but with tickets at a premium for the match and talk of over half a billion people watching the game on tv, everyone's hoping for a classic at the oval later. i don't see any relevance of the first game here because you can never tell how a particular team starts a tournament. some teams start very confidently and they fade off, some teams may not have the best starts and they come back amazingly, which pakistan have done. everyone is aware of the kind of talent they have in their team. i said before the edgbaston game, i thought they were really calm, but they're very excited right now and there's a hell of a good vibe in that dressing room. so let's hope we can put together our a game tomorrow because if we can, i said it before the england game, if we put our a game together and we do the basics well, we can beat anyone. johanna konta could become the first british woman since virginia wade 40 years ago at wimbledon to win a tour event on home soil. she's reached the final of the nottingham open after coming through in straight sets
against magdalena rybarikova of slovakia. it's the first time the british number one has reached a grass court final. she'll face croatia's donna vekic, ranked 70th in the world. the draw for queens which starts tomorrow will see defending champion andy murray face fellow brit aljaz bedene in the first round. murray beat him in the second round last year. that's all the sport. now on bbc news, here's the papers. hello and welcome to our look ahead to what the papers will be bringing us tomorrow. with me are journalist sean dilley and political commentator vincent moss. let us take a look at the front pages starting with... the observer claims that the government repeatedly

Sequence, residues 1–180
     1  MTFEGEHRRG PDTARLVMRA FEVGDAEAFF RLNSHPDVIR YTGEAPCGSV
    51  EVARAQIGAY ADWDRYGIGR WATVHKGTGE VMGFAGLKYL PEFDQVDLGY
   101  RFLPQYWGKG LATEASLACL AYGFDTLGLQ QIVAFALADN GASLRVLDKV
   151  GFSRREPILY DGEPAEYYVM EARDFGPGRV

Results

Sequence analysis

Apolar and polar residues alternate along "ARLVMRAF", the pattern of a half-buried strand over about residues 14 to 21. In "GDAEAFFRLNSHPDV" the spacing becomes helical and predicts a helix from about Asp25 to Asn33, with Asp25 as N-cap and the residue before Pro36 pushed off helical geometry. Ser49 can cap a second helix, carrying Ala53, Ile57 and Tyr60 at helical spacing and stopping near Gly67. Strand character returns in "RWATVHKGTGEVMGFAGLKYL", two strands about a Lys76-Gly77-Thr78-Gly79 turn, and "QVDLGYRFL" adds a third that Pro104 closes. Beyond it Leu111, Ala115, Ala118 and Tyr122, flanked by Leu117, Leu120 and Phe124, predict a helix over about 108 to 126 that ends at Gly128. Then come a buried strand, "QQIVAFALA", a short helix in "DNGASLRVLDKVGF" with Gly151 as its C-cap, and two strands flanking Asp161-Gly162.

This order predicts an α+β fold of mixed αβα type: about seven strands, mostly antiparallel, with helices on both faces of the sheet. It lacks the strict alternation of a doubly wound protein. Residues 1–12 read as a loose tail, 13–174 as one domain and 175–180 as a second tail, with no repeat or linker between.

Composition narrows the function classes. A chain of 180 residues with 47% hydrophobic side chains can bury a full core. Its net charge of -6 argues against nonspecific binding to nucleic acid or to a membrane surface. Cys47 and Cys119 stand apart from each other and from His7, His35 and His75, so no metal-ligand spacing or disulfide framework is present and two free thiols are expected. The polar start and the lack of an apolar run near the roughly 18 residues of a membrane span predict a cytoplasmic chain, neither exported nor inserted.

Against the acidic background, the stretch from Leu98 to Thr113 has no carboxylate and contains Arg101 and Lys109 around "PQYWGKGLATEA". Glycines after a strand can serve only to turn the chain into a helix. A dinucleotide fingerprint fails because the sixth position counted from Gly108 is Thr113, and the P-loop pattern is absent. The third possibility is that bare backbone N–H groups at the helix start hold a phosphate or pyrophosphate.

failed to act on fire safety warnings before the fire at grenfell tower. the express leads with the queen's response to the fire, praising her majesty for calming the nation. the sunday mirror labels the duke of cambridge the "prince of compassion“ fwthfmb- the sunday telegraph says theresa may could face a leadership challenge from within her own party if she waters down brexit. the sunday times reports that senior conservative figures have told the prime minister she has ten days to improve her performance orface a confidence vote in the party. let us begin. a great deal to talk about. the paper is dominated by g re nfell tower. about. the paper is dominated by grenfell tower. perhaps we should start with the sunday telegraph, the headline, the inferno response is not good enough, admits the prime minister. a statement of the obvious, sean? i do not suppose when people have such an appalling